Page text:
For other uses, see Dalmeny (disambiguation).
Scottish Gaelic: Dail Mheinidh, Dail M'Eithne

Dalmeny Kirk, one of the finest Norman churches in Scotland
 Dalmeny shown within Edinburgh
OS grid referenceNT1477
Civil parishDalmeny
Council areaCity of Edinburgh
Lieutenancy areaCity of Edinburgh[1]
Sovereign stateUnited Kingdom
Postcode district EH30
Dialling code 0131
Police Scottish
Fire Scottish
Ambulance Scottish
EU Parliament Scotland
UK ParliamentEdinburgh West
Scottish ParliamentEdinburgh Western
List of places

Coordinates: 55°58′59″N 3°22′12″W / 55.983°N 3.370°W / 55.983; -3.370

Dalmeny (Scottish Gaelic: Dail Mheinidh) is a village and parish in Scotland. It is located on the south side of the Firth of Forth, 1 mile (1.6 km) southeast of South Queensferry and 8 miles (13 km) west of Edinburgh city centre. It lies within the traditional boundaries of West Lothian, and falls under the local governance of the City of Edinburgh Council.

Name history

The name Dalmeny is either of Cumbric origin: deriving from Din Meini, "stony fort" cf. the earlier form Dunmanye (1562),[2] most likely referring to Castle Craig above the town; or potentially of Scottish Gaelic origin, being now Dail Mheinnidh or Dail M'Eithne in the modern language. This may refer to an ancient ecclesiastical settlement, dedicated to an obscure (female) saint Eithne. The local parish church may have been dedicated to her, but is now dedicated to St Cuthbert.


The village has its own primary school, which teaches about a hundred pupils, and a railway station near the south end of the Forth Bridge, which also serves the larger town of South Queensferry. At one time the village had a shop and post office, but these have closed down due to competition from numerous supermarkets in and around Queensferry.

Parish Church

Dalmeny Kirk interior
Fine 12th-century vaulting within Dalmeny Kirk
Well-detailed 12th-century entrance to Dalmeny Kirk

The present church building was built around 1130, possibly by Gospatric, Earl of Dunbar,[3] and is recognised as the finest Norman/Romanesque parish church still in use in Scotland, and one of the most complete in the United Kingdom, lacking only its original western tower, which was rebuilt in a sympathetic style in 1937.[4] The aisleless nave, choir and apse survive almost complete from the 12th century. The refined sculptural detail of the chancel and apse arches is notable, as is a series of powerful beast-head corbels supporting the apse vault. These features are also extremely well preserved, with the original tool-marks still visible. The elaborate south doorway is carved with symbols representing a bestiary and an "agnus dei", enlivened with blind arcading above. The door is comparable to the north door at Dunfermline Abbey.[4] Nearby is a rare 12th-century sarcophagus carved with 13 doll-like figures (possibly Christ and the 12 apostles) in niches (now very weathered). The churchyard also has a number of fine 17th- and 18th-century gravestones.[3] Interments in the churchyard include the advocate and historian John Hill Burton (1809–81).

The north (Rosebery) aisle dates from 1671 and was remodelled in the late 19th century. This has elaborate but "inaccurate" Neo-Norman details.[4] The church is a category A listed building.[3]

As of 2009, the minister of the church is the Reverend David Cameron, Esq.[5]


7th century stone coffin near the church entrance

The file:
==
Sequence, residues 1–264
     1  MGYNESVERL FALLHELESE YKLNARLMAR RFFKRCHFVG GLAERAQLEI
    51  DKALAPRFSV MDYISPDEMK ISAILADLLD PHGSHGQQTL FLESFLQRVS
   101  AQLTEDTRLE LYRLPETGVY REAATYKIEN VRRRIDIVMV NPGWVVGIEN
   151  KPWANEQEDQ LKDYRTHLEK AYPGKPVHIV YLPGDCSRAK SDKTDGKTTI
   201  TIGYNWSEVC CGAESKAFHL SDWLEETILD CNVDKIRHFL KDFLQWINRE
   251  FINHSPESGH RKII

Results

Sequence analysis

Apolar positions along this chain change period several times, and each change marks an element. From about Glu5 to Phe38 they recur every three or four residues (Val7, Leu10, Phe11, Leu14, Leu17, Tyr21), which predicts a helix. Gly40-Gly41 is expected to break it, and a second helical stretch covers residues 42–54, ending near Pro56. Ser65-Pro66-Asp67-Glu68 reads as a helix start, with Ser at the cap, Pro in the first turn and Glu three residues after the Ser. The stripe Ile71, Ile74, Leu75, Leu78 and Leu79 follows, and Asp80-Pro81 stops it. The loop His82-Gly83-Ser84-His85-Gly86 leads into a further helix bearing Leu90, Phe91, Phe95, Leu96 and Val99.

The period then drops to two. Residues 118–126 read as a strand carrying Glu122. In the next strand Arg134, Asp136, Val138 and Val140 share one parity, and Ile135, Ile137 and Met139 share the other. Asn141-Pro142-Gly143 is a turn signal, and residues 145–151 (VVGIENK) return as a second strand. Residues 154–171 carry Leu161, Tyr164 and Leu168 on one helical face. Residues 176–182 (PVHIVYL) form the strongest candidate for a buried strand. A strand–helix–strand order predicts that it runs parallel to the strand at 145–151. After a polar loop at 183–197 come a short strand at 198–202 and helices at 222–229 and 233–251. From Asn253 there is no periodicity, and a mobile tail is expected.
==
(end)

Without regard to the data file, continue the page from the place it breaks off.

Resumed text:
When viewed from a distance the church appears to rise on a mound above the local topography. It is speculated that it is built on a pre-Christian burial mound.[6] This would mean that the graveyard predates the church. A second detached mound of smaller size lies on the east road out of the village. This pre-dating is further evidenced by the 7th-century coffin stone near the door which appears to have been dug up during the 1937 restoration.

Village centre

Besides the parish church, the most significant buildings are Dalmeny House and Barnbougle Castle, to the east of the village, home to the Earl of Rosebery. The most notable earl was Archibald, 5th Earl of Rosebery, who served as Prime Minister from 1894 to 1895 and is the grandfather of the present earl.

The village itself consists of early 19th-century cottages along the main street (built at the same time as Dalmeny House), with 20th-century housing to the south close to the A90. To the south of the A90 is the Dalmeny Tank Farm, a large oil-storage facility operated by BP. The facility was constructed in the 1970s on a former oil shale mine, and is screened by a mound of the waste material from the mine. Oil is transferred from the site to tankers moored at the Hound Point Terminal in the Firth of Forth.[7]

Dalmeny, along with Queensferry, Kirkliston, Cammo, Cramond, Barnton, Silverknowes, Gogar, Hermiston, and Newbridge, forms the Almond electoral ward of the City of Edinburgh Council.

Notable people from Dalmeny


  1. "The Lord-Lieutenants (Scotland) Order 1996". Legislation.gov.uk. 2011-07-04. Retrieved 2016-05-04.
  2. Watson, W. (1926) A History of Celtic Place-names of Scotland". Edinburgh
  3. 1 2 3 "Dalmeny Kirk". Historic Scotland. Retrieved 15 October 2013.
  4. 1 2 3 Buildings of Scotland: Lothian, by Colin McWilliam
  5. "Welcome to Dalmeny Parish Church.". Retrieved 30 March 2014.
  6. Investigation on pre-Christian influences on Christian architecture; dissertation, University of Edinburgh, 1983 (Stephen C. Dickson)
  7. "Dalmeny Tank Farm". Gazetteer for Scotland. Retrieved 15 October 2013.
  8. "John Chesser". Dictionary of Scottish Architects. Retrieved 15 October 2013.
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